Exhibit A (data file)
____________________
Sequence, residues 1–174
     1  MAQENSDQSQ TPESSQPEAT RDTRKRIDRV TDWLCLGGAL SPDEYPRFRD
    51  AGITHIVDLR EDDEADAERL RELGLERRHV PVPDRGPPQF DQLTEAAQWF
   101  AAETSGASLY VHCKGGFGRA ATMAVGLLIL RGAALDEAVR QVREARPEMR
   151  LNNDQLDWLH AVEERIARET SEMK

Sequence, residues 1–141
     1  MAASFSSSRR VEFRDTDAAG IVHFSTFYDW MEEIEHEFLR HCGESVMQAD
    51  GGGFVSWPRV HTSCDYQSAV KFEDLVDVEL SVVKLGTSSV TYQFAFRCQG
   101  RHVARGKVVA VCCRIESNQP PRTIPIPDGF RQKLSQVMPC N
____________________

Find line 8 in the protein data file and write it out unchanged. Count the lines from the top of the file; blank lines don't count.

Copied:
    51  GGGFVSWPRV HTSCDYQSAV KFEDLVDVEL SVVKLGTSSV TYQFAFRCQG